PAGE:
The highly anticipated (and highly marketed) art exhibition that features long lines snaking out the gallery door is now a staple of the art scene. Though not without historical precedent — the Mona Lisa’s 1963 visit to the United States attracted over a million visitors — the “blockbuster” is a relatively recent invention.

The model was the Treasures of Tutankhamun. First attracting over a million visitors to the British Museum in 1972, it later toured six U.S. cities. The shows became a pop-culture touchstone, inspiring long lines, merchandising offshoots, and even a top-20 hit, Steve Martin’s “King Tut.”

Coming during an era of budgetary challenges for galleries, the blockbuster model was soon adopted by managers as a way to raise revenue and the profile of their institutions.

Here are ten pivotal blockbusters that had people lining up around the block.

1. Pablo Picasso: A Retrospective

(Museum of Modern Art, 1980)

This show was the first time in its history that the MoMA gave its space over to a single artist. A thousand items attracted over a million visitors — changes to MoMA’s physical plant had to be made to handle the influx — and the show set the standard of the single-artist blockbuster.

2. J.M.W. Turner

(Grand Palais, 1983)

One of the most comprehensive exhibitions of Turner’s work, with 267 pieces gathered to celebrate the 50th anniversary of the British Council. Loans from a number of British collections brought more than 500,000 visitors to one of France’s finest galleries.

3. Johannes Vermeer

(National Gallery of Art, 1995)

Unlike the vast number of pieces collected for the Picasso and Turner exhibitions, this hugely popular blockbuster included only 21 paintings by the Dutch master (out of the 35 he produced). A surprise hit cosponsored by the Royal Cabinet of Paintings, Mauritshuis, it brought in over 300,000 U.S. visitors before moving to The Hague. This was one of the first blockbusters based on intimate quality, not spectacular quantity.

4. Painters in Paris, 1895–1950

(Metropolitan Museum of Art, 2000)

A thematic blockbuster featuring over 100 paintings by a wide range of artists who worked in the City of Light, the show attracted nearly a million visitors. It provided both a sampling of prominent artists (such as Matisse, Picasso, and Chagall) and various art movements (such as Fauvism, the Cubism, and Surrealism).

5.  The First Emperor: China’s Terracotta Army 

(British Museum, 2007)

Like the Treasures of Tutankhamun, this blockbuster had as background diplomatic affairs — the continued integration of China into the world leadership — and took three years of negotiations to make possible. Over 850,000 visitors saw the Qin dynasty (221–206 B.C.) artifacts in their rare foray out of China.

6. Marina Abramovic: The Artist Is Present

(Museum of Modern Art, 2010)

Breaking the fine art mold, this retrospective of Abramovic’s career turned into a blockbuster centered upon performance art. Though infamous for several live nude performers recreating earlier works, the core of the show was a large, formally lit square in the center of which were two chairs. Abramovic sat in one. In the other, opposite her, any member of the public could sit and share her stare, which led to moments of both emotional catharsis and plain weirdness.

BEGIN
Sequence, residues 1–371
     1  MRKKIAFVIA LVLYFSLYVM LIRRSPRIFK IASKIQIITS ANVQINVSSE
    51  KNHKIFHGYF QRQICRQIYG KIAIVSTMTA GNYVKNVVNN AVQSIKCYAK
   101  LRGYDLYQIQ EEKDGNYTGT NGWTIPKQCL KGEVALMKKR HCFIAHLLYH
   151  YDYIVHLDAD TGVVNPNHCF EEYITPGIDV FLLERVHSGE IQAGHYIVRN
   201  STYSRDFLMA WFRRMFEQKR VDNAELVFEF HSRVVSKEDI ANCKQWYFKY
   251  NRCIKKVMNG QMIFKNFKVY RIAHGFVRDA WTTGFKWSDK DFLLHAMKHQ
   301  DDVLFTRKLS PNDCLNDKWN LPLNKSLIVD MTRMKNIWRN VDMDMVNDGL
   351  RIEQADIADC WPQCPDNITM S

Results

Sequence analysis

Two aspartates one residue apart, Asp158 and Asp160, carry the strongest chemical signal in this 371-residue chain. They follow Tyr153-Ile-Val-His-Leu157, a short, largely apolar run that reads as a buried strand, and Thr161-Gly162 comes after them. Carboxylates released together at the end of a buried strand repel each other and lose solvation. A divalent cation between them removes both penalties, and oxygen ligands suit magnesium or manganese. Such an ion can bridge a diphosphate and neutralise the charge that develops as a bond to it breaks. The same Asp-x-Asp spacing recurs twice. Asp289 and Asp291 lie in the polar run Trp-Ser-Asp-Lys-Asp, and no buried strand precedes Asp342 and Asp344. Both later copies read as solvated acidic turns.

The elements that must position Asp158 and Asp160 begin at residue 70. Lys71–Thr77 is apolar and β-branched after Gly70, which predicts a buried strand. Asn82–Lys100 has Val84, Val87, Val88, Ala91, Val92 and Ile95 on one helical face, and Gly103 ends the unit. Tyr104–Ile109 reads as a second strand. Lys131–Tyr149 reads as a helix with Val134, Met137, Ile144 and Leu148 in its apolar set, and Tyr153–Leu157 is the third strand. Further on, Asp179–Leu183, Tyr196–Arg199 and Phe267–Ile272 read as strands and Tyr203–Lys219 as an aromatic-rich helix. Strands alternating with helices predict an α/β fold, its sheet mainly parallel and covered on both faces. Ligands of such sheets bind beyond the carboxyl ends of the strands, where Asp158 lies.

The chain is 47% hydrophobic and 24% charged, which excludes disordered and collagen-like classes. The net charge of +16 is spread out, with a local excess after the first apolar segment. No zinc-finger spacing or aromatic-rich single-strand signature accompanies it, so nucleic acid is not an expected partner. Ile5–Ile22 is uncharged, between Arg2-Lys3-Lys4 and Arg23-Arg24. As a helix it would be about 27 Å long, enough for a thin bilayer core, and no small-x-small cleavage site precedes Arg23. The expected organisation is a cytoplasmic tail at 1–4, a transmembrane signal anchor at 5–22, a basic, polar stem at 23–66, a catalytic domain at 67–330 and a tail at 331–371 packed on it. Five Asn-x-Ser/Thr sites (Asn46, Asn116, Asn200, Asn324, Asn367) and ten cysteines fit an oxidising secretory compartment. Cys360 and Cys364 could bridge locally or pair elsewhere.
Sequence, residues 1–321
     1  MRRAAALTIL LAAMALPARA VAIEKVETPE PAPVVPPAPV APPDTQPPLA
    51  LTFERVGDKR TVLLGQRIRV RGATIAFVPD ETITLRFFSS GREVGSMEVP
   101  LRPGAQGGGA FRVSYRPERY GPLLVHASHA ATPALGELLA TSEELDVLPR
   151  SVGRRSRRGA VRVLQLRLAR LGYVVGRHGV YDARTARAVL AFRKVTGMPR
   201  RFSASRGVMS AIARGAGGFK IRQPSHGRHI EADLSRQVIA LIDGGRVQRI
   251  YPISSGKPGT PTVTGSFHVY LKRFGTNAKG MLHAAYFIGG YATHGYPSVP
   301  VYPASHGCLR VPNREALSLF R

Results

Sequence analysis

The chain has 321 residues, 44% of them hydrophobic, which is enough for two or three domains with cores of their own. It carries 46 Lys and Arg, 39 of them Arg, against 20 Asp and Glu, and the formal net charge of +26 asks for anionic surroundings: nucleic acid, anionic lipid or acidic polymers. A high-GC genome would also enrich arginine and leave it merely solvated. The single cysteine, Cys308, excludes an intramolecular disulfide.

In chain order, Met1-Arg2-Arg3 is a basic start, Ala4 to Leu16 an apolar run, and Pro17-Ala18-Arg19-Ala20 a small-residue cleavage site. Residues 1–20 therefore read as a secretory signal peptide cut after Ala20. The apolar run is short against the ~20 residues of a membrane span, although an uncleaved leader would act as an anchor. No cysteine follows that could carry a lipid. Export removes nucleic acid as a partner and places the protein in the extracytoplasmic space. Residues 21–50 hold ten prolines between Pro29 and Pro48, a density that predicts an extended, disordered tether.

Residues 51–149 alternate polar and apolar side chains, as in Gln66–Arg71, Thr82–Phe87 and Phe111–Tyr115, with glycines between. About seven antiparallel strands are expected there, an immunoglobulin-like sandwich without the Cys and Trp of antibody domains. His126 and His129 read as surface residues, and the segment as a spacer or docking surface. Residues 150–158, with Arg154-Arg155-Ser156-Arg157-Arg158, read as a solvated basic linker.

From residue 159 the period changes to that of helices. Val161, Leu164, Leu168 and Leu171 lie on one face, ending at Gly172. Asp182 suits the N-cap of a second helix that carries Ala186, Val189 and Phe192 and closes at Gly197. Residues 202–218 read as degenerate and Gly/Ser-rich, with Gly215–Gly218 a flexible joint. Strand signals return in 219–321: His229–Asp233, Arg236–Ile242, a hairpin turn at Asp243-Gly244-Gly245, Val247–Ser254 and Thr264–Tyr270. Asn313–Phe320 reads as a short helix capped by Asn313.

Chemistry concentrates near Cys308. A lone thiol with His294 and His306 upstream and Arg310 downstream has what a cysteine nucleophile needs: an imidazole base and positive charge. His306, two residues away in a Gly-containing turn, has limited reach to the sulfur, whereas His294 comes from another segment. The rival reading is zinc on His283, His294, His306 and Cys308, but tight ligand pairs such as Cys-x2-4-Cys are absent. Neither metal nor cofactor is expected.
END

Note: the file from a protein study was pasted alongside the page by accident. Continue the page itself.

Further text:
7. Alexander McQueen: Savage Beauty

(Metropolitan Museum of Art, 2011)

A cultural mashup with the world a fashion design, this celebration of the career of the British designer Alexander McQueen was organized by The Costume Institute and became one of the top 10 exhibitions in the history of the Met. It brought works usually seen on fashion runways or glossy photographs into a gallery space, creating a new context in which to consider the aesthetics of the nearly 200 assembled pieces.

8. David Hockney: A Bigger Picture

(Royal Academy, 2012)

Unlike many single-artist blockbusters, this show featured not only past works but also newly commissioned ones. These included large-scale landscape paintings of Hockney’s native Yorkshire and multimedia works — including his somewhat infamous iPad drawings — that made the show both a look back and an exploration of the future of visual art. The show became a surprise hit, attracting over 600,000 visitors, many standing in rain-drenched queues to enter.

9. Master of Impressionism, Claude Monet

(K11 Art Mall, Shanghai, 2014)

A reflection of the burgeoning Chinese art scene, this blockbuster was organized by billionaire Adrian Cheng. It brought prominent works from the Musée Marmottan Monet, including several of the Water Lilies series. Landscaping outside the K11 was even altered to recreate some of the backdrops of Monet’s work and the exhibition attracted 340,000 visitors.

10.  Yayoi Kusama: Infinity Mirrors

(Hirshhorn Museum, 2017)

A blockbuster retrospective of the Japanese artist’s Infinity Mirror Rooms, the exhibition presented six of the more than twenty she has created, the most ever assembled in one location. Multimedia works which toy with the senses and a viewer’s conception of space, the show proved so popular — and the experience of the rooms so compelling — that there were not only long lines outside the Hirshhorn, but inside as well.

Sources

http://www.boweryboyshistory.com/2013/01/another-art-anniversary-mona-lisa-comes-to-new-york-and-shes-almost-drowned-in-a-sprinkler-malfunction.htm

https://www.neh.gov/humanities/2015/septemberoctober/feature/king-tut-classic-blockbuster-museum-exhibition-began-diplom

https://www.britannica.com/topic/Blockbuster-Art-Exhibitions-36531

https://www.christies.com/features/Blockbuster-Shows-6061-1.aspx

https://www.independent.co.uk/news/when-art-imitates-entertainment-1317904.html